Faced with deep social injustice, some hear a clarion call to action. Alioune Sidi Mzeirigue ’22G, a self-described member of the Hratine former slave community in the Sahel region of Africa, nurtures a fiery passion to fight against the trampling of human rights. A native of Mauritania, Mzeirigue is among the inheritors of descent-based discrimination stemming from a traditional caste system and intergenerational slavery, a community locked into a cycle of poor education and limited opportunities beyond farming.
“To break free of the limitations embedded in their slavery heritage, the Hratine need access to education. To support them on a practical level I send money to my family and community,” Mzeirigue says. “On a political level I lobby for international recognition of their rights. My long-term goal is to participate in the creation of a United Nations declaration of human rights to help my community recreate their future through education and opportunity.”
With the staunch support of his teacher, Cheik Othman, Mzeirigue broke through social and financial constraints to become the first member of his community to receive an education beyond primary school. In his native country, he completed a bachelor’s degree in social work from the University of Science, Technology and Medicine as well as a master’s degree in migration and borders studies from the University of Nouakchott. To afford college tuition fees, Mzeirigue held several jobs, including security guard, street vendor and social worker.
Within Mauritanian antislavery organizations such as Counterpart International and the United Nations High Commissioner for Refugees (UNHCR), Mzeirigue has worked as a social worker and a refugee protection assistant and is currently a United Nations liaison officer at the Inclusivity Project in New York City. Due to their mandate to promote sustainable global development, his project received ECOSOC status by the UN Economic and Social Council.
With his multi-lingual talents and first-hand knowledge of West African marginalized communities, Mzeirigue secured a position as a rights expert at the Global Forum of Discriminated Communities (GFoD), an international organization that works for the rights of communities impacted because of work and descent across the globe. These marginalized groups include the Dalit community in South Asia, Quilombola in Brazil, Roma community in Europe, and the Bellah and Hratine community in the Sahel region of Africa.
"Every course in the global conflict and human securities program taught me skills applicable to my career ... UNH became my American family whose help and encouragement made my success possible."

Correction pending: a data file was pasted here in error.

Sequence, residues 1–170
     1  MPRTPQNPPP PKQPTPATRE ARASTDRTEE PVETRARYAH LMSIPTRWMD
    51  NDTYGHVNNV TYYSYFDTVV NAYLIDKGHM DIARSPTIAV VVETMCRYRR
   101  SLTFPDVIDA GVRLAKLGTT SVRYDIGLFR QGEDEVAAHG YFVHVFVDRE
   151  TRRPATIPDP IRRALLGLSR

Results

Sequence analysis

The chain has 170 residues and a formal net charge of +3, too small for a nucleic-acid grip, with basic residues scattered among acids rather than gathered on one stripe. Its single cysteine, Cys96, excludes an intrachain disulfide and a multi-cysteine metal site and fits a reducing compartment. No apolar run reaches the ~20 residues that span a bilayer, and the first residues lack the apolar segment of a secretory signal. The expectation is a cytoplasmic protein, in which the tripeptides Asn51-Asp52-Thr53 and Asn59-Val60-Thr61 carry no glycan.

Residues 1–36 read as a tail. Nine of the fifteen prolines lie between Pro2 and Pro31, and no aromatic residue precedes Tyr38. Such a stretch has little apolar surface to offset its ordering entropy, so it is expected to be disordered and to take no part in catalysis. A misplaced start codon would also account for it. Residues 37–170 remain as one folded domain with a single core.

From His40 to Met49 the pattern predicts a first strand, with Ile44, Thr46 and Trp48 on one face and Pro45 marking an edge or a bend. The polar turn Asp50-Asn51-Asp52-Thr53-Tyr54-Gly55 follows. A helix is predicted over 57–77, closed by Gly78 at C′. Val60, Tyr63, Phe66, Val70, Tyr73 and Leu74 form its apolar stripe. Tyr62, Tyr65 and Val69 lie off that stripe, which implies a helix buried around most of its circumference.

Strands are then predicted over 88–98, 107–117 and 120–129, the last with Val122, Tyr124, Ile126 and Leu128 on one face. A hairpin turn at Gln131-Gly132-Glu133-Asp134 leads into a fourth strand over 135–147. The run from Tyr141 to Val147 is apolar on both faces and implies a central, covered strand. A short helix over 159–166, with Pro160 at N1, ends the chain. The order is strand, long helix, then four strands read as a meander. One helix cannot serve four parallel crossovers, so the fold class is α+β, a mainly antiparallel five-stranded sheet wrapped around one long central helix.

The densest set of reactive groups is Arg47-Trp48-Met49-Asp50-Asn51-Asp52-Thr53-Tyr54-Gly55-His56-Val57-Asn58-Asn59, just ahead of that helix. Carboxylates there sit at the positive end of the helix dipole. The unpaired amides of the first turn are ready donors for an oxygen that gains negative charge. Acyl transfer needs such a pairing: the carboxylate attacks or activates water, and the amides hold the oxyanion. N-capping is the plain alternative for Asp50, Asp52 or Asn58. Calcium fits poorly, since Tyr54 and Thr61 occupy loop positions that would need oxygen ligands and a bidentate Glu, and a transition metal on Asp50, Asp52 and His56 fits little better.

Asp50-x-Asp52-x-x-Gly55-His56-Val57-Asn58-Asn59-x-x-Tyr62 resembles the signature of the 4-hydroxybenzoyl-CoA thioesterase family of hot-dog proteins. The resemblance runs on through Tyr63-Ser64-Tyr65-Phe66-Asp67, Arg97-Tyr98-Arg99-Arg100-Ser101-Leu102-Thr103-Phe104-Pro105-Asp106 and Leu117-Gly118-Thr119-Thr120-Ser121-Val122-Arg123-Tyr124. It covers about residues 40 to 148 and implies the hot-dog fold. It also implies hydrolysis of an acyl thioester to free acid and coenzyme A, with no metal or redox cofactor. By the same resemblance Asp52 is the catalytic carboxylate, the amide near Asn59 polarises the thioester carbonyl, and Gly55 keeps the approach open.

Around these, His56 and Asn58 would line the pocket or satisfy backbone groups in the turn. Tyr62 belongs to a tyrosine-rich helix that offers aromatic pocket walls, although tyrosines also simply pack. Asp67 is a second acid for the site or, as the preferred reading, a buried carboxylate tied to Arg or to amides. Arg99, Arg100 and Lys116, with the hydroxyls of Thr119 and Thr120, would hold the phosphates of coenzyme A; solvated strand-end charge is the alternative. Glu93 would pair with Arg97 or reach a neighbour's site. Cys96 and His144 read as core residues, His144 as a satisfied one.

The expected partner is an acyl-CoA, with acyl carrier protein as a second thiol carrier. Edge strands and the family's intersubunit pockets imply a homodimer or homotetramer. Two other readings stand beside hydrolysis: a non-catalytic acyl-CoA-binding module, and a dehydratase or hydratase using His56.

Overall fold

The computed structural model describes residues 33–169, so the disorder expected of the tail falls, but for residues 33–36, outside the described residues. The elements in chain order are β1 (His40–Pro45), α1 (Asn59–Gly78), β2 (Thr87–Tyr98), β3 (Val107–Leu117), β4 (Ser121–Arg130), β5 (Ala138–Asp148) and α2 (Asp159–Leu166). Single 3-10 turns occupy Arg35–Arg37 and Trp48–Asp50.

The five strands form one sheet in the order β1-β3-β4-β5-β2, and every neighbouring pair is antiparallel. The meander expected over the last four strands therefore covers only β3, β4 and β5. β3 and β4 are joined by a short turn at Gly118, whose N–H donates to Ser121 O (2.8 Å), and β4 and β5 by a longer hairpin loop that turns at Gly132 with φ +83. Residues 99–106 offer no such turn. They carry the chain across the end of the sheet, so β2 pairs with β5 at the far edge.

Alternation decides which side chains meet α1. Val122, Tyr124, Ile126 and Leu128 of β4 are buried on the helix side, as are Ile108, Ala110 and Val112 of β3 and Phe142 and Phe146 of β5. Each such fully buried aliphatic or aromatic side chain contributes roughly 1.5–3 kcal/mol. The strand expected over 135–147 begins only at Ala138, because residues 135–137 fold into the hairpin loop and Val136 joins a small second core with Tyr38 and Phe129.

As a social activist committed to eliminating slavery in his home country, Mzeirigue closely observes political events in Mauritania. He notes that, focused on maintaining their own power structure without regard for public needs, the current regime has crushed personal freedoms. Although Mauritania has ample natural resources, many young people emigrate to the west to find education and employment opportunities. Mzeirigue is deeply saddened to see African activists risking arrest, torture and prison but he remains committed to fighting these injustices.
Mzeirigue recently started his own business (Green Sands Consulting) with plans to develop statistical research on slavery, immigration and human security as a resource for non-government organizations working in West Africa. To ensure the success of his new business, he is actively building a political network, completing a certificate in project management, and training in data analysis and finance.
To advance his career and further expand his knowledge in international development, Mzeirigue realized a master’s degree would be invaluable. The fully online global conflict and human securities master’s program at UNH offered an excellent range of courses rich in content for his area of interest. Stepping across the stage on commencement day to receive his UNH diploma, Mzeirigue says he felt his spirits soar to the skies, not only for his personal achievement but also for the pride of his community in Africa.
“Every course in the global conflict and human securities program taught me skills applicable to my career. I use the Theory of Change assessment and evaluation template in my daily work at the United Nations to capture each critical step of a humanitarian project map,” Mzeirigue says. “As an online student, I initially struggled to make the leap from the printed word to digital communication, but the university’s team provided steadfast support in achieving my goals. UNH became my American family whose help and encouragement made my success possible.”
Mzeirigue's values are deeply rooted in his vocation as a human rights activist, but his face lights up when speaking about the birth of his daughter. He hopes that one day the Hratine community in Africa will enjoy the same personal freedoms as his American-born child.
“Mauritania is my home. The United States is my home. I am home when I fight for the rights of marginalized communities. I am home wherever I am free to express myself. Justice is my dream for the global community,” Mzeirigue says.